Contractor Bond

What Is a Contractor Bond?

contractor bond

A contractor bond gives an obligee the right to impose certain requirements for a license in good standing. These requirements can include adherence to all local and state laws and regulations. If a contractor breaches his obligations under the bond, the obligee can file a claim against him. The principal also gains the right to operate in a particular state or municipality. Its purpose is to grant the principal a license to do business ethically. If that guarantee is broken, the bond carries a financial obligation on the principal.

Surety company

The Surety company that issues a contractor bond assesses the risk associated with a specific project by evaluating the firm’s financial stability, experience, management practices, and personal character. Based on these factors, the surety company will determine the premium. The bond rate will reflect the amount of risk and likelihood of the principal fulfilling its obligations. The lower the premium, the better. When choosing a surety company, it is important to remember that your bond is not a guarantee of payment; it is an assurance.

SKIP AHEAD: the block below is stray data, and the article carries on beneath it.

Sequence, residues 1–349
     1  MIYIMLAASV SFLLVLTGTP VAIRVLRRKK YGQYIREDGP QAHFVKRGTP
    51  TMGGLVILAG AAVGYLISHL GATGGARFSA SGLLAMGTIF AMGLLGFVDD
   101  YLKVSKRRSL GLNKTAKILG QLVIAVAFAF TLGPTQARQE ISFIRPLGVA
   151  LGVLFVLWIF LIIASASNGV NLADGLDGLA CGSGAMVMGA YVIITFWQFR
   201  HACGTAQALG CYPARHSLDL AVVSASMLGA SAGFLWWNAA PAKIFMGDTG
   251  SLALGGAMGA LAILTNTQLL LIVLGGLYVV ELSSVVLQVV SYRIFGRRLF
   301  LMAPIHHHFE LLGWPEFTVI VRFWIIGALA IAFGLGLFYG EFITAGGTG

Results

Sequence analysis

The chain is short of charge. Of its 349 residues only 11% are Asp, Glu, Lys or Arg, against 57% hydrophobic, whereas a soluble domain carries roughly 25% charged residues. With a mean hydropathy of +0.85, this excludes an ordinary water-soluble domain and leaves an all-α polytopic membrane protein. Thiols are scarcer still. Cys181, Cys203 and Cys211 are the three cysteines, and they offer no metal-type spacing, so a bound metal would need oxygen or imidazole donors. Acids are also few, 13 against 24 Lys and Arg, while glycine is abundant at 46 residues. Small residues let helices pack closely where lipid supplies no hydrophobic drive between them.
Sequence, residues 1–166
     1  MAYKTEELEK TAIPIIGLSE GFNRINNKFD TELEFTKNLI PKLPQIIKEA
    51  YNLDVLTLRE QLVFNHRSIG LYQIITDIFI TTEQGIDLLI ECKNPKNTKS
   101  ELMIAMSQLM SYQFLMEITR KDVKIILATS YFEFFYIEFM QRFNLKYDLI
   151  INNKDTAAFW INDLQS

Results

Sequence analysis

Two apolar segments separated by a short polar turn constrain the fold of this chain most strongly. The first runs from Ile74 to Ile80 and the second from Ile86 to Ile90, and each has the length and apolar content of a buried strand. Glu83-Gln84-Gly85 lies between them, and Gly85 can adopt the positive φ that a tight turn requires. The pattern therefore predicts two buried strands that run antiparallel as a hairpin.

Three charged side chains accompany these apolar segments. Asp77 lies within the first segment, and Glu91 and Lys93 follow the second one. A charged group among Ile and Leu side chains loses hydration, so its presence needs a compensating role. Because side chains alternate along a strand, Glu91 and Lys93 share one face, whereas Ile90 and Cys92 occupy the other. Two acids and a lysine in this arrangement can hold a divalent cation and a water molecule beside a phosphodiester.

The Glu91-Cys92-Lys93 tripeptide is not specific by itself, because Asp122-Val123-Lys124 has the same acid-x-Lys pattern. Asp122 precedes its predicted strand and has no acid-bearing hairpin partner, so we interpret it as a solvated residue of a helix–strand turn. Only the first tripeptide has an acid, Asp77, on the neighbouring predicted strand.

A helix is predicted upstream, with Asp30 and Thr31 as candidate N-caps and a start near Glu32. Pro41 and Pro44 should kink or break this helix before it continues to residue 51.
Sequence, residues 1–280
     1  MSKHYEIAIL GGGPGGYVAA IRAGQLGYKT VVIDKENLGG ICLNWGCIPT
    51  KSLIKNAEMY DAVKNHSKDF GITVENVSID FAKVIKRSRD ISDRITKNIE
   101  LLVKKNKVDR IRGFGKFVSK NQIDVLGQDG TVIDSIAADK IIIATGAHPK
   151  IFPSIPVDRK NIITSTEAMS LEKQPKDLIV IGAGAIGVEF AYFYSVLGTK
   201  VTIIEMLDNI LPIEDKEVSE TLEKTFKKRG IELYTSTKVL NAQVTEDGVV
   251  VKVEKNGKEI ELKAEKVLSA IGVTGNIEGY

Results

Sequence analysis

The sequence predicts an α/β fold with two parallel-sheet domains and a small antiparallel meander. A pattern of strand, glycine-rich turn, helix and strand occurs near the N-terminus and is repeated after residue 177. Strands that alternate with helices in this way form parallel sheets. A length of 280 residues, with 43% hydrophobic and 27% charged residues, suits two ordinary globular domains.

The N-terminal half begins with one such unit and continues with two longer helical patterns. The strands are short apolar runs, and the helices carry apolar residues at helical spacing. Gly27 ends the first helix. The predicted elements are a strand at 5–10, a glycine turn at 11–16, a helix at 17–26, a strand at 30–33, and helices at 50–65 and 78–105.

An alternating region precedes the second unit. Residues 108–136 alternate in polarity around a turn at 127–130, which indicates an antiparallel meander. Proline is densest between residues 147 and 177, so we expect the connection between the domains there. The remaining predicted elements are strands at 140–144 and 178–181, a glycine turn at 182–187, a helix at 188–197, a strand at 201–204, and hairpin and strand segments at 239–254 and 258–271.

Obligee

Construction performance bonds are now required for government projects. They prevent contractors from intentionally underbidding government projects, and from increasing their prices after the fact. The main benefit of these bonds is that they protect the government from contractors who hold the obligee to ransom. Without a bond, the obligee is stuck paying the contractor’s increased financial demands, or they can fire him and hire another. However, that poses the same problem for the new contractor.

Cost

The cost of a contractor bond will depend on the type of bond you need. Generally, bonds for bidders cost less than other bonds. There are several different types of bonds, each with its own unique characteristics. To get started, let’s look at the types of contractor bonds available. Listed below are some of the common types of bonds. All of them come with different costs. Here’s a quick overview of each type.

Cancellation

When a contractor fails to meet the requirements of a contract, it may result in the revocation of his or her license. If the contractor fails to meet the terms of the contract, the board may cancel his or her contractor bond. In such a case, the contractor must furnish an alternative bond or establish an equivalent cash deposit. A notice is sent to the contractor via certified mail and shall be addressed to his or her last known address in the office of the board.

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